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Hoffmann, R. A wiki for the life sciences where authorship matters. Nature Genetics (2008)

Cloning of a gene (SR-A1), encoding for a new member of the human Ser/Arg-rich family of pre-mRNA splicing factors: overexpression in aggressive ovarian cancer.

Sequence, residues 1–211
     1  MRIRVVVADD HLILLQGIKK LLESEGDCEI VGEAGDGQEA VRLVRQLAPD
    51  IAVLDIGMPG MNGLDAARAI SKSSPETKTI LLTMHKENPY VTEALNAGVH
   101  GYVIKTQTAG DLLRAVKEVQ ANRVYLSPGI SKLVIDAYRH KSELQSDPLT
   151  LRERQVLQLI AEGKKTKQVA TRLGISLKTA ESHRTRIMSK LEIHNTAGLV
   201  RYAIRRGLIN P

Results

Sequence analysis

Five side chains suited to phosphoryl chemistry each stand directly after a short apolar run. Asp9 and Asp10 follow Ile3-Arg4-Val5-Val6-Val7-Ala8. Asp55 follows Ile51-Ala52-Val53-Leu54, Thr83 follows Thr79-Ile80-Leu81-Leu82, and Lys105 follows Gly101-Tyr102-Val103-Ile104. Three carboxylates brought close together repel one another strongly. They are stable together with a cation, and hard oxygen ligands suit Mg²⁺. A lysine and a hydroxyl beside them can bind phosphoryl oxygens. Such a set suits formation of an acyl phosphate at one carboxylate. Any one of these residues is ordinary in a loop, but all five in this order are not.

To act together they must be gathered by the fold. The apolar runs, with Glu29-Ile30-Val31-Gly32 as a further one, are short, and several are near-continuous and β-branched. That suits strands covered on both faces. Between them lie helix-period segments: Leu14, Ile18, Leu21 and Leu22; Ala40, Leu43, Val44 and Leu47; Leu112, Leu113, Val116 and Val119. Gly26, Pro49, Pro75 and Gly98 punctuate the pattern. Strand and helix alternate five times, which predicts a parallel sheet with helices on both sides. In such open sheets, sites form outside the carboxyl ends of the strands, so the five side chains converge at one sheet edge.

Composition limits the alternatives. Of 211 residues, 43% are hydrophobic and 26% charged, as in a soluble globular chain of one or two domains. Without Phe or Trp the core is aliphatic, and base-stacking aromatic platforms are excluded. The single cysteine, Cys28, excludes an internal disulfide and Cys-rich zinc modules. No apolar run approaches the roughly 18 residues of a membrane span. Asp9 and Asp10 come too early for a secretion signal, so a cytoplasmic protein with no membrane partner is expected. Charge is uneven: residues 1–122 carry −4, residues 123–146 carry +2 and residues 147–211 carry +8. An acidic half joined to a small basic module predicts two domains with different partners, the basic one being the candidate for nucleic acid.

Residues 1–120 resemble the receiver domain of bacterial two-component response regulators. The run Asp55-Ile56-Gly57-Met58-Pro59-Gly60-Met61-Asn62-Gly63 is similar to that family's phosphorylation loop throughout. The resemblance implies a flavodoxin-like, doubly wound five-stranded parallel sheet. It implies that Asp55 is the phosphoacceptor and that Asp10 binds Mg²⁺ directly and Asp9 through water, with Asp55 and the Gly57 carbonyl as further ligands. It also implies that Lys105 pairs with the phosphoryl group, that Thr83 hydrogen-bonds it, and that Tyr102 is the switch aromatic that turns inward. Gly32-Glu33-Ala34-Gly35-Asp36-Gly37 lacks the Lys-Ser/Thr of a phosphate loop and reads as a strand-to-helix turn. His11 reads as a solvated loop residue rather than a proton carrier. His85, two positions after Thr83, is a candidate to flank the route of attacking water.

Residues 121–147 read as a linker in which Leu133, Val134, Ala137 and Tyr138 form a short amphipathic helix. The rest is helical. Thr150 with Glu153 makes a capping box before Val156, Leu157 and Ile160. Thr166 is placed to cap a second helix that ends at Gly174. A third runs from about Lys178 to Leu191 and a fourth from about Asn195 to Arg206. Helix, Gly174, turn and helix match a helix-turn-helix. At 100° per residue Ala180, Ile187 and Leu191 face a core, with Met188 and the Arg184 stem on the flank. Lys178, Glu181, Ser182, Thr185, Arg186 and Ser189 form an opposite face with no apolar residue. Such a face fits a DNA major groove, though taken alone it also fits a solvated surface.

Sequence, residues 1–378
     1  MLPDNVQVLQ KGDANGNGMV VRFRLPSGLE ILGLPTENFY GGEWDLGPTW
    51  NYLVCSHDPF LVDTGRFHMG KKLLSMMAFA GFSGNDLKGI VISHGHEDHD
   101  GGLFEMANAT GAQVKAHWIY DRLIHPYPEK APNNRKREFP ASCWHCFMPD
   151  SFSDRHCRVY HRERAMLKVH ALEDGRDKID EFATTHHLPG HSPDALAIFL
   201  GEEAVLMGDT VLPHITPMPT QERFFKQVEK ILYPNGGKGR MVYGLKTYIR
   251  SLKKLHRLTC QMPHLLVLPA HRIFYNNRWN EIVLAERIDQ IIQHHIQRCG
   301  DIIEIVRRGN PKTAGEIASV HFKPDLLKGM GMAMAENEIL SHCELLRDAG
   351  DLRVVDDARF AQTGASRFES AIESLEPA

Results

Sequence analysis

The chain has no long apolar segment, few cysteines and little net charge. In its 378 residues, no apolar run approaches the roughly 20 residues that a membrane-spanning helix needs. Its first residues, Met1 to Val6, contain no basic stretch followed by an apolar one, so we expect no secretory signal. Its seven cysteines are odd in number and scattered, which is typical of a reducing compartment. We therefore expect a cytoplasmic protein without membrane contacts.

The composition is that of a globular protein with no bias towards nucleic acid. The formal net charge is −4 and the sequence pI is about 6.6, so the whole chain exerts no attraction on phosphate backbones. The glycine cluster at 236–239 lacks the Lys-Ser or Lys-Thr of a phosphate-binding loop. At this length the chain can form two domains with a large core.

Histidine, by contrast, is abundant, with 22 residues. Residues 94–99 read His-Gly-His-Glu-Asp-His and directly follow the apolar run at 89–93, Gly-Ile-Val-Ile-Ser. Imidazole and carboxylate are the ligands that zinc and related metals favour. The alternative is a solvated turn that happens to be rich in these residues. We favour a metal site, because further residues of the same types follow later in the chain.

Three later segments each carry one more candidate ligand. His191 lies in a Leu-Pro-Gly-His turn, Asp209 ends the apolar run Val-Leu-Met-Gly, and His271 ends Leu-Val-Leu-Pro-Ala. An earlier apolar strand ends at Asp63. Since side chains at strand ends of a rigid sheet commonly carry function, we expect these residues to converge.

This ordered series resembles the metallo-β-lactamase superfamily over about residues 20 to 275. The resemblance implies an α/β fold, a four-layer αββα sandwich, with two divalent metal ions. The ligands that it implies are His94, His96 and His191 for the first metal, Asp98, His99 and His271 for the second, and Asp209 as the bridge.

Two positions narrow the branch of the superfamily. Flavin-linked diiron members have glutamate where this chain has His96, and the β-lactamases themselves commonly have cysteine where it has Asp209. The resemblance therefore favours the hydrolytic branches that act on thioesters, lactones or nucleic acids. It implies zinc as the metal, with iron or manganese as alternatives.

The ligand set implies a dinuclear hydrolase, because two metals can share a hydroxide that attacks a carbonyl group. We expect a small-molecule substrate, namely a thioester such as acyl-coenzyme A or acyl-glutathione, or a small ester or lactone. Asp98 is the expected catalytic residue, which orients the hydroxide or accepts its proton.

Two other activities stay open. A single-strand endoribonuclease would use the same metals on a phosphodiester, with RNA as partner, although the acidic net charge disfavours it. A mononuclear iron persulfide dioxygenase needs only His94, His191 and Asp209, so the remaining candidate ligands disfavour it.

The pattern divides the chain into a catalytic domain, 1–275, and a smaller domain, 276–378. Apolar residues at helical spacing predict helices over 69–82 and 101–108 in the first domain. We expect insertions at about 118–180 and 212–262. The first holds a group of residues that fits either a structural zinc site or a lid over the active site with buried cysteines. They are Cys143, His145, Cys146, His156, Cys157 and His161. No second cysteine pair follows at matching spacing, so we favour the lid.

By using the positional cloning gene approach, we were able to identify a novel gene encoding for a serine/arginine-rich protein, which appears to be the human homologue of the rat A1 gene. We named this new gene SR-A1. Members of the SR family of proteins have been shown to interact with the C-terminal domain (CTD) of the large subunit of RNA polymerase II and participate in pre-mRNA splicing. We have localized the SR-A1 gene between the known genes IRF3 and RRAS on chromosome 19q13. 3. The novel gene spans 16.7 kb of genomic sequence and it is formed of 11 exons and 10 intervening introns. The SR-A1 protein is composed of 1312 amino acids, with a molecular mass of 139.3 kDa and a theoretical isoelectric point of 9.31. The SR-A1 protein contains an SR-rich domain as well as a CTD- binding domain present only in a subset of SR-proteins. Through interactions with the pre-mRNA and the CTD domain of the Polymerase II, SR proteins have been shown to regulate alternative splicing. The SR-A1 gene is expressed in all tissues tested, with highest levels found in fetal brain and fetal liver. Our data suggest that this gene is overexpressed in a subset of ovarian cancers which are clinically more aggressive. Studies with the steroid hormone receptor-positive breast and prostate carcinoma cell lines ZR-75-1, BT-474 and LNCaP, respectively, suggest that SR-A1 is constitutively expressed. Furthermore, the mRNA of the SR-A1 gene in these cell lines appears to increase by estrogens, androgens and glucocorticoids, and to a lesser extend by progestins.[1]


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